Filipina overcomes fears of the future to become Catholic
'I had the courage to be baptized … because my faith is important to me,' she says while fearing for her family who remain with her former sect
Silence on abuses during regional summit undermines the bloc's credibility, MPs' human rights groups say
Association of Southeast Asian Nations leaders do the traditional ASEAN handshake as they pose for a photo during the regional bloc's 31st summit in Manila on Nov. 14. (Photo courtesy of the Presidential Communications Office)
Southeast Asian leaders ended their three-day summit in Manila on Nov. 15 without seriously addressing the Rohingya crisis in Myanmar, supposedly the biggest human rights issue affecting the region.
In a statement at the end of the meeting, Philippine President Rodrigo Duterte, this year's head of the regional bloc, said the Rohingya situation was discussed as a matter of "disaster resiliency."
Aside from the Association of Southeast Asian Nations (ASEAN) leaders' appreciation for the "prompt response" of member states to send aid to affected communities in Myanmar’s Northern Rakhine State, there was no other mention of the Rohingya issue in the 26-page document.
A group of ASEAN parliamentarians said the failure of the summit to discuss the root causes of the crisis in Myanmar "constitutes a blow to the regional bloc's credibility."
Charles Santiago, chairman of the ASEAN Parliamentarians for Human Rights group, warned that the 10 nation bloc’s continued inaction threatens the "security and prosperity" of all member states.
He said the lack of strong commitment by member states to tackle the situation in Rakhine "represented a disappointing conclusion to discussions at the summit."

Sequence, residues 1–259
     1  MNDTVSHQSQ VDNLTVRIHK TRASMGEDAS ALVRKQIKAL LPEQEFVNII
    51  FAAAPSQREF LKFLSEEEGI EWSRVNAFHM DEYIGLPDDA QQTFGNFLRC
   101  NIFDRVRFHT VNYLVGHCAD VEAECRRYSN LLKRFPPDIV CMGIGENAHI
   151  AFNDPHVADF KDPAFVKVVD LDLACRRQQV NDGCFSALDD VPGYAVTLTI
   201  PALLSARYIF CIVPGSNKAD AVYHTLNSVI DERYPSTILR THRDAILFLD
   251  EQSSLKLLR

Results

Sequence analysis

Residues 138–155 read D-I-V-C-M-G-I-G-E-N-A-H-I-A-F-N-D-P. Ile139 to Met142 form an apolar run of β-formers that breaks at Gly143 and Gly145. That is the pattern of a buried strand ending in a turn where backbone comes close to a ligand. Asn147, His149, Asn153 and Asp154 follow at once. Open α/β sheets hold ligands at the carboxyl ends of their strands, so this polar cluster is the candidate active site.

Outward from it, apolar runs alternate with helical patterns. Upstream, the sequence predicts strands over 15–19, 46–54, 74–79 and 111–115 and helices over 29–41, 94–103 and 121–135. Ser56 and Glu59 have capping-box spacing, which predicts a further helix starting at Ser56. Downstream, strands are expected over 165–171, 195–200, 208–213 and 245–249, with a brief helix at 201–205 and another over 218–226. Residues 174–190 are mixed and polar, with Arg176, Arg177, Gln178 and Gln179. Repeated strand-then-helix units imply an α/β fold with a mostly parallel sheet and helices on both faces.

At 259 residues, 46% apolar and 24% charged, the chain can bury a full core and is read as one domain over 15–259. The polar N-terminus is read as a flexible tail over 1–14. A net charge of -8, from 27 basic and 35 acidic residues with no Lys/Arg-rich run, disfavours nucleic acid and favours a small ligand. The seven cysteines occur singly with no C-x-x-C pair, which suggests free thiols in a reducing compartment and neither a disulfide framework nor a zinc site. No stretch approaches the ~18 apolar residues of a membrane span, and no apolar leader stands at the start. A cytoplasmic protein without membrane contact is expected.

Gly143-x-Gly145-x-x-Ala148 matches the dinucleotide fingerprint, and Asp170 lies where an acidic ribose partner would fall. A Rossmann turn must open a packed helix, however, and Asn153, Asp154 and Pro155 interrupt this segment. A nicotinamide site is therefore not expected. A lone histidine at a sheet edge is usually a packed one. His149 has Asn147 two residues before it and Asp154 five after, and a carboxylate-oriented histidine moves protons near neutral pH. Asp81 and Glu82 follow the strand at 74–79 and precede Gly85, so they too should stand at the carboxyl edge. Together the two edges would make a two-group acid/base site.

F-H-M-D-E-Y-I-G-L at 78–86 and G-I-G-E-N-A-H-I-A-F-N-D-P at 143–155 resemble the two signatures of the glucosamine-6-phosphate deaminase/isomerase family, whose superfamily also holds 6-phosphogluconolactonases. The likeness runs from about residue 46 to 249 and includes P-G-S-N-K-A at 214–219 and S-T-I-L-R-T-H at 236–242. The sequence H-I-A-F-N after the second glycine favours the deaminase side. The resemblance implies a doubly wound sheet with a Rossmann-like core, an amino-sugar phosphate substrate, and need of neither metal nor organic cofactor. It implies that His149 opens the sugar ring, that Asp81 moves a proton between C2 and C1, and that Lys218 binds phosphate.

In a statement on Nov. 15, the parliamentarians expressed their disappointment over ASEAN's failure "to act decisively in the face of ethnic cleansing and crimes against humanity being perpetrated in our own backyard."
The group said there was hope that the sheer scale and severity of the crisis in Myanmar would be enough for ASEAN leaders to find a way to address the situation.
Over 600,000 Rohingya have fled to Bangladesh since August this year, when the Myanmar military launched so-called clearance operations in Rakhine State following a series of attacks on police outposts by militants.
Various human rights groups have documented human rights violations against the Rohingya, including killings, sexual violence, and the burning of homes and villages.
On Nov. 6, the UN Security Council issued a statement expressing "grave concern" over human rights violations perpetrated against Rohingya, including by Myanmar security forces.
The regional parliamentarians said ASEAN's refusal to include the Rohingya issue in discussions during the summit indicated the bloc's failure to address the drivers of the crisis.
"This is not simply a humanitarian catastrophe; it is a human rights crisis with deep roots in longstanding state-sponsored persecution against the Rohingya community," said Eva Kusuma Sundari, a member of the Indonesian House of Representatives.
ASEAN’s approach seems to ignore the fact "and acts as though the mass displacement and associated humanitarian challenges arose out of nowhere," she said.
The parliamentarians criticized ASEAN’s "principle of non-interference" in the internal affairs of each country, arguing that the policy hampered an effective response and was being invoked by leaders in a disingenuous manner.
"The non-interference policy is — in the words of Aung San Suu Kyi herself — just an excuse for not helping," said Santiago.
"It shouldn't even apply in this case, where the issue clearly has immense regional implications," he added.
The group said ASEAN leaders should do more to pressure the Myanmar government and military to stop the attacks, end policies that promote and institutionalize discrimination, and enable conditions for the safe return of Rohingya refugees to their homes.
Share your comments